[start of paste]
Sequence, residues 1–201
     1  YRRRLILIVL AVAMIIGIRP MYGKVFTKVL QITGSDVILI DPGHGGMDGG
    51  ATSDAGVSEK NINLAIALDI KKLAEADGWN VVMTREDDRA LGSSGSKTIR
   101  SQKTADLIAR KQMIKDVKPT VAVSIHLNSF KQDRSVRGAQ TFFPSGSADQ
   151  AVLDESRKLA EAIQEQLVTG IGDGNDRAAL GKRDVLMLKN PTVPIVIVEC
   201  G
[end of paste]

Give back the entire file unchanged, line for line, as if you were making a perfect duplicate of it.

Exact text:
Sequence, residues 1–201
     1  YRRRLILIVL AVAMIIGIRP MYGKVFTKVL QITGSDVILI DPGHGGMDGG
    51  ATSDAGVSEK NINLAIALDI KKLAEADGWN VVMTREDDRA LGSSGSKTIR
   101  SQKTADLIAR KQMIKDVKPT VAVSIHLNSF KQDRSVRGAQ TFFPSGSADQ
   151  AVLDESRKLA EAIQEQLVTG IGDGNDRAAL GKRDVLMLKN PTVPIVIVEC
   201  G